The World War I Battle of the Somme, which began on July 1, 1916, failed to achieve the English and French Allies' hoped-for primary objective of a decisive breakthrough. The Allied artillery bombardment of the entrenched German lines failed to destroy enemy defenses prior to some of the major advances of British troops across no-man's land, and the troop movements were cut down by German machine gun and artillery fire. After an Allied offensive campaign that lasted more than 4 months, there were more than 1 million combined casualties and the Allies pushed the German lines back only 6 miles along a 16-mile front.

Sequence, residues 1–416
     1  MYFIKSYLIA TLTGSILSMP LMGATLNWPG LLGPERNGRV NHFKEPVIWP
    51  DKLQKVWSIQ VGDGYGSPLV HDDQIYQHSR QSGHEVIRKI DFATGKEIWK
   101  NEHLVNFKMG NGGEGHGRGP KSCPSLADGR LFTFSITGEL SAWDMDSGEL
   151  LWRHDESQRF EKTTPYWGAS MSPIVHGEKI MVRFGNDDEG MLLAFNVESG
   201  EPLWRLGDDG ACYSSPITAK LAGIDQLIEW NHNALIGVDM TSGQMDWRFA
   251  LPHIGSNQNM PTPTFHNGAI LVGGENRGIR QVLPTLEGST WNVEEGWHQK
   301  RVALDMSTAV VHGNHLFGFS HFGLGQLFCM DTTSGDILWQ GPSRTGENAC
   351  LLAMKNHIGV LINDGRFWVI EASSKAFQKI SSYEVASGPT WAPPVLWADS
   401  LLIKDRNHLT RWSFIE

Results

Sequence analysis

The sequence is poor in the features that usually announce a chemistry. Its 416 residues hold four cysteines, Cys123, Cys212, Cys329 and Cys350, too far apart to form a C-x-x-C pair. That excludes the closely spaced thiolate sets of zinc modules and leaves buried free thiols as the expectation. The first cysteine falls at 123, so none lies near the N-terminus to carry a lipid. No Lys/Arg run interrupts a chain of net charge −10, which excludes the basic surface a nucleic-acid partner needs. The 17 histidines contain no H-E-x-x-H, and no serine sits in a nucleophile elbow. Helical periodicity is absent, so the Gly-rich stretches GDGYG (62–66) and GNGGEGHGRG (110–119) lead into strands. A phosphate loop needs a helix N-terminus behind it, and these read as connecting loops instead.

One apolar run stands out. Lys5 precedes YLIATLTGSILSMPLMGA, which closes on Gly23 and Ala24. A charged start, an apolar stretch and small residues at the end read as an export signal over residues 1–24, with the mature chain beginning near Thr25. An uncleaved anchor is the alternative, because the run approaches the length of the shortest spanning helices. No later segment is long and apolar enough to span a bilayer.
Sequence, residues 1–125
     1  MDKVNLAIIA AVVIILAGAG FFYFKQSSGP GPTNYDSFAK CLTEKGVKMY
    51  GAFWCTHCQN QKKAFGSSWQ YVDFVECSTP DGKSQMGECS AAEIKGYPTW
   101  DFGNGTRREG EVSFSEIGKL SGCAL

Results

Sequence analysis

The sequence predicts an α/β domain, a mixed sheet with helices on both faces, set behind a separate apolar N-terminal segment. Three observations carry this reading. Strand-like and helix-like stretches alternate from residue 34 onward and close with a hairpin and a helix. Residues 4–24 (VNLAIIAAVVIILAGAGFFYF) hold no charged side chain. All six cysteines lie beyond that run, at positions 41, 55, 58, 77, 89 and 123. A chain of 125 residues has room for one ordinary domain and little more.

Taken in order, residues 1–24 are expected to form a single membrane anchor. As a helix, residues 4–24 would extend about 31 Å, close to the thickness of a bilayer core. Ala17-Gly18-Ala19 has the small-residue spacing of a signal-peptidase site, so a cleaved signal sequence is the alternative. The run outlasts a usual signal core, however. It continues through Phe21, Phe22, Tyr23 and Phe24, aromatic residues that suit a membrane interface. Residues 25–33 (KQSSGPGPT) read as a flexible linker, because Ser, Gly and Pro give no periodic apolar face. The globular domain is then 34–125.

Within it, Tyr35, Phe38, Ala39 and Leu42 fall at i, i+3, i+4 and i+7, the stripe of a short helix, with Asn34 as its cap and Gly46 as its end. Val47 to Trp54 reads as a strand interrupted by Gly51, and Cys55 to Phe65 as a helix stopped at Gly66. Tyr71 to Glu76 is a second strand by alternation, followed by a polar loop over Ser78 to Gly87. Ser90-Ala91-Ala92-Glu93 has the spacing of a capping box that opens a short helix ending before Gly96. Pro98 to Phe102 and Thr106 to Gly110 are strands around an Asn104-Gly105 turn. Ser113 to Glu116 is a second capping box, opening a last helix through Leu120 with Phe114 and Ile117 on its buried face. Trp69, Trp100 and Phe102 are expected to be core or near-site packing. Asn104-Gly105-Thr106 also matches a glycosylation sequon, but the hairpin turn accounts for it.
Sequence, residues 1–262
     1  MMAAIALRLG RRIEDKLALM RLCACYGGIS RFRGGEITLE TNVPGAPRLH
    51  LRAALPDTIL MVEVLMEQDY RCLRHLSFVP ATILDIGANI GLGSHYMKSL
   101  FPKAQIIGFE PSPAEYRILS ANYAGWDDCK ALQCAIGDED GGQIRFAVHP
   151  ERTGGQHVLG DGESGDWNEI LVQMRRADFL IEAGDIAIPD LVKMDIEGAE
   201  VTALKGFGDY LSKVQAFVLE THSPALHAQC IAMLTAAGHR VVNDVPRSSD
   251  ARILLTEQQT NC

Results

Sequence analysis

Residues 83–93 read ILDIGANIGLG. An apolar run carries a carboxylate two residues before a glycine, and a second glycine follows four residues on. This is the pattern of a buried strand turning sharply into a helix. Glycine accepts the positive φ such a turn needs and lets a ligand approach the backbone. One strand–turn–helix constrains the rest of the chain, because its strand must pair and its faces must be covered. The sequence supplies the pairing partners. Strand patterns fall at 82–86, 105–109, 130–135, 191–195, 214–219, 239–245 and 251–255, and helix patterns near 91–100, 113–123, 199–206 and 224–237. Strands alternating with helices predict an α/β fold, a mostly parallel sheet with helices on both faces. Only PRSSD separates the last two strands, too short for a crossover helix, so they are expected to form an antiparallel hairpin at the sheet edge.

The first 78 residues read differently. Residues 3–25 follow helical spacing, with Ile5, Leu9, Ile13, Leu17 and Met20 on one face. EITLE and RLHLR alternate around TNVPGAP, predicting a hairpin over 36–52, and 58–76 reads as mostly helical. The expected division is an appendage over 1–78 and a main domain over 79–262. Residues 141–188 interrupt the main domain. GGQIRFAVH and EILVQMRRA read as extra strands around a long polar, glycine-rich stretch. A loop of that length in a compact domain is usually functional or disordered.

Because of the large loss of life incurred during the Battle of the Somme and the Allies' minimal territorial gains, the decisions and strategies of the British and French military commands were criticized by both politicians and historians. An alternate view places the battle in the context of the engagement serving as part of a larger coalition warfare process that led to the eventual collapse of the German military by weakening the opponent in what had essentially become a war of attrition.